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7 Reasons Why EnCana Should Continue to Outperform

With the release of its first quarter 2014 results, EnCana (TSX: ECA)(NYSE: ECA) continues to gain investors’ confidence. Now is a good time to review the company and the stock, and see where we stand in order to determine where we are headed.

EnCana stock has a six-month return of over 32% versus a 15% return for the TSX/S&P Energy Index (^SPTTEN). For further comparison with some of the other large cap energy stocks, the six-month return for Suncor (TSX: SU)(NYSE: SU) and Imperial Oil (TSX: IMO)(NYSE: IMO) are 15% and 17% respectively. Here’s why we should expect Encana’s outperformance to continue.

Exposure to natural gas

Although EnCana is working hard at reducing its exposure to natural gas, it is still heavily exposed to the commodity, with 87% of its production from natural gas in the first quarter. I view this as a good thing, given the outlook for the next year. Storage levels will likely be more difficult to replenish than the market expects. According to the U.S. Energy Information Administration (EIA), current inventory levels stand at 1,055 bcf. This is almost 50% lower than the five-year average, which is a bullish sign for natural gas prices.

As a reminder, the company expects that by 2017, 75% of the company’s cash flow will be from higher-value natural gas liquids.

Strong cash flow growth continues

As EnCana continues to benefit from stronger natural gas prices, the first quarter saw a very strong 88% increase in cash flow, from U.S. $579 million in the first quarter of 2013 to U.S. $1.094 billion in the first quarter of 2014. Cash flow for the oil and liquids segment increased 69%, driven by production increases, while cash flow for the natural gas segment almost doubled, driven by pricing increases.

Although natural gas production decreased by 2.4%, EnCana’s realized natural gas price increased by over 50%. Oil and natural gas liquids had the opposite experience, where production increased 56%, but realized pricing decreased marginally.

For 2014, the company updated its guidance for cash flow. Management now expects cash flow of between $2.9 billion to $3 billion, up from prior guidance of between $2.4 billion to $2.5 billion. This is due largely to stronger than expected natural gas prices.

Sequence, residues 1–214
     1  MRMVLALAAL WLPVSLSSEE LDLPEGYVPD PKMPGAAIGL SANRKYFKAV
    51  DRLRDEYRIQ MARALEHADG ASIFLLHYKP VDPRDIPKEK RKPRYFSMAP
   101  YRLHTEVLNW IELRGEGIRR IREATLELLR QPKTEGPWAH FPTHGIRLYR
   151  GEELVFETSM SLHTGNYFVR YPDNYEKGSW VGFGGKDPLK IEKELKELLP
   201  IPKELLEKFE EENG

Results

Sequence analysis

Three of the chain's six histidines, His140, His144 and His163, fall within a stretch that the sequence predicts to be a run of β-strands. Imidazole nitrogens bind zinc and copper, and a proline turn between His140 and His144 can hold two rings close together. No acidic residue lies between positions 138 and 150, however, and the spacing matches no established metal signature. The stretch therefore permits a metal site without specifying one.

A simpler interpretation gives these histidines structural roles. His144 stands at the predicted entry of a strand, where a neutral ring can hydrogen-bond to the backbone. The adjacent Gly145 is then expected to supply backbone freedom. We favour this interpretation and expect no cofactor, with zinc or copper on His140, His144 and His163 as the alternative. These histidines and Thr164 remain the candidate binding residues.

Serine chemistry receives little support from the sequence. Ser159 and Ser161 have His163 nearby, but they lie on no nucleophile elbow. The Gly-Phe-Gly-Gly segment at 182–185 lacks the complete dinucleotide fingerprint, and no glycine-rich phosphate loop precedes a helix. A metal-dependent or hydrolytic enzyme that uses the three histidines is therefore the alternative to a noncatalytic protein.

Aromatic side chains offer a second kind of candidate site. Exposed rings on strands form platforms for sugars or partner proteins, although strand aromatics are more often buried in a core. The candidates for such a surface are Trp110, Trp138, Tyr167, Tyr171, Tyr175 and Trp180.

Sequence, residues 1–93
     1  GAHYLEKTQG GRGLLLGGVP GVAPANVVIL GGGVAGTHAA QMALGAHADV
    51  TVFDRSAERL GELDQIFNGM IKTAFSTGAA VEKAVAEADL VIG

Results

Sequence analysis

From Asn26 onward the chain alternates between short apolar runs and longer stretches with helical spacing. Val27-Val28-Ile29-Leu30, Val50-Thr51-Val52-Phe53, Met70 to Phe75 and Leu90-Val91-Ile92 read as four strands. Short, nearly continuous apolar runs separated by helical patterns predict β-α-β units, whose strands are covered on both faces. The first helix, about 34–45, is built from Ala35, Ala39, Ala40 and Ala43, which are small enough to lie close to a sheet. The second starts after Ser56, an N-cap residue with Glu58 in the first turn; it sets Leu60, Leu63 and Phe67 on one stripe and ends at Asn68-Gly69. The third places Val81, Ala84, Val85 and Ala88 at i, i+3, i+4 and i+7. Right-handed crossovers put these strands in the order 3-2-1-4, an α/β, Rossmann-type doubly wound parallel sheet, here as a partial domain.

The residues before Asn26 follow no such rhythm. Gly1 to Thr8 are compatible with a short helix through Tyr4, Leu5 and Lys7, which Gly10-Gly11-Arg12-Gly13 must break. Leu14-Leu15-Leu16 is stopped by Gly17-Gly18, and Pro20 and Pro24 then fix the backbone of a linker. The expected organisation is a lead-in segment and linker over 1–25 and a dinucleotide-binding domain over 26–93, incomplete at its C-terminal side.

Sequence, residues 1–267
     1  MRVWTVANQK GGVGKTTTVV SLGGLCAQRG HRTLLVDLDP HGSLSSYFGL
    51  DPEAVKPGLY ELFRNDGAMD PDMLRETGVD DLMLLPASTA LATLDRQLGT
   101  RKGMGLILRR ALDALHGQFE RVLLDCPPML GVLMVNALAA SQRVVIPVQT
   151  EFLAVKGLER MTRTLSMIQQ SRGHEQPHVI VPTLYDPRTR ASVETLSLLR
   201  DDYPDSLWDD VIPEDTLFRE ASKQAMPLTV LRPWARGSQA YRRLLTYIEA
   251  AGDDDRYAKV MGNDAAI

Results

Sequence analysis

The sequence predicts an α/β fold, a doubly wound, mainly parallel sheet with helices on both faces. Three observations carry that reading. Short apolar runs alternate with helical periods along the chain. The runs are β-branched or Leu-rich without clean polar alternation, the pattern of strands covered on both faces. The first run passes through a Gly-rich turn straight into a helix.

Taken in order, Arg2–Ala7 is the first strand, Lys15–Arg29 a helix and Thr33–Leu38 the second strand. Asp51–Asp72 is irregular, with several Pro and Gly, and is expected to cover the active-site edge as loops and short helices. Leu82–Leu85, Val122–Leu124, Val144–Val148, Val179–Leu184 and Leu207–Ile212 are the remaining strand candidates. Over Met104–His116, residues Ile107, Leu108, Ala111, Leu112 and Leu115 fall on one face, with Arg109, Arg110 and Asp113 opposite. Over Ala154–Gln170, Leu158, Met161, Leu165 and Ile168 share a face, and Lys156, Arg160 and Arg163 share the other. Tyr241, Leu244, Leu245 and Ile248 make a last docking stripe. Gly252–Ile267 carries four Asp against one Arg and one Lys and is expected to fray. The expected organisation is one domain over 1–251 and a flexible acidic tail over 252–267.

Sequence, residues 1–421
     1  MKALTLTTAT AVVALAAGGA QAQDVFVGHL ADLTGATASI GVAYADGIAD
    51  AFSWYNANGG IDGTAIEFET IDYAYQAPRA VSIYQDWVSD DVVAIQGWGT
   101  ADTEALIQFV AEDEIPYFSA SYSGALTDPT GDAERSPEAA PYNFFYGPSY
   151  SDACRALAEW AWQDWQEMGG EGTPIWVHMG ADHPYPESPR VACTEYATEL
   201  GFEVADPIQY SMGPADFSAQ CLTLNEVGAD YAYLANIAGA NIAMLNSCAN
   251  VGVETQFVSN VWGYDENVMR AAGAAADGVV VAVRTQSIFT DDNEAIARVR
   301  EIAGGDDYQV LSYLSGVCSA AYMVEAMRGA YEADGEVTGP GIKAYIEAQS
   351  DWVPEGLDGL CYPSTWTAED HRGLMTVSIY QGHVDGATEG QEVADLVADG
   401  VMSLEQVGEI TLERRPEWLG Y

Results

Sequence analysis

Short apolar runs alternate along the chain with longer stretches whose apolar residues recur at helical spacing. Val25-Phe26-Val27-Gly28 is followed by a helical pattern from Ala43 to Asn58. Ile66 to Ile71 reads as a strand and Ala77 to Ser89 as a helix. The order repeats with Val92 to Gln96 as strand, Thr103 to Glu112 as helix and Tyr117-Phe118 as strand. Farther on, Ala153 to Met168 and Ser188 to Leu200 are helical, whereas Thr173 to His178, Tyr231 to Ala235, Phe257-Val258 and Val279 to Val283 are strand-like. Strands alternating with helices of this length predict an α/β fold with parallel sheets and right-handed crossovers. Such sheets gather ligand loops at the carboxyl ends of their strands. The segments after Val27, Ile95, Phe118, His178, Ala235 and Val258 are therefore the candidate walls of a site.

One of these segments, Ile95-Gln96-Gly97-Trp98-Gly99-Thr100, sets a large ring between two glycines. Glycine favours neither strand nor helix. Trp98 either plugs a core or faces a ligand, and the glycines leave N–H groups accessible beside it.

Strong performance from core assets

In the DJ Basin, EnCana continues to exceed expectations. With drilling costs down between 5-15%, depending on the well, this play is seeing efficiency and profitability improvements. At the Montney, initial production rates have increased by approximately 75%, with drilling costs roughly 15% lower. At the San Juan basin, costs are declining and well cycle times are also declining.

Lowering decline rates on base assets

Due to different initiatives such as well recompletions and field booster compressors, EnCana expects to achieve a 10% reduction in its 2014 base decline to 25-27%.

Strong balance sheet

EnCana continues to make improvements to its balance sheet. As of March 31, EnCana had $2.2 billion in cash and cash equivalents on its balance sheet. Furthermore, with the sale of the Jonah Field, $1 billion of debt was paid off, and there are no further debt maturities until 2017. The current net debt to cash flow ratio stands at a very healthy 1.2 times.

Attractive valuation

Using the mid-range of the company’s 2014 cash flow per share guidance, i.e. $3.98, EnCana is trading at a P/CF of 6.3 times. This compares to Suncor, which is trading at a P/CF on trailing cash flow per share of 6.7 times and Imperial Oil, which is trading at a P/CF on trailing cash flow per share of 10.8 times.

Cash flow from PrairieSky Royalties

EnCana will receive royalties from the PrairieSky spinoff, which will control 5.2 million acres of land in Alberta, where production is free from government royalties. EnCana is expected to be the majority shareholder in the spin off, which will pay out the majority of its cash flow in dividends.

At EnCana, the focus remains on maximizing value, not production. And the proof that this strategy is a sound one is in the results.

This article represents the opinion of the writer, who may disagree with the “official” recommendation position of a Motley Fool premium service or advisor. We’re Motley! Questioning an investing thesis — even one of our own — helps us all think critically about investing and make decisions that help us become smarter, happier, and richer, so we sometimes publish articles that may not be in line with recommendations, rankings or other content.

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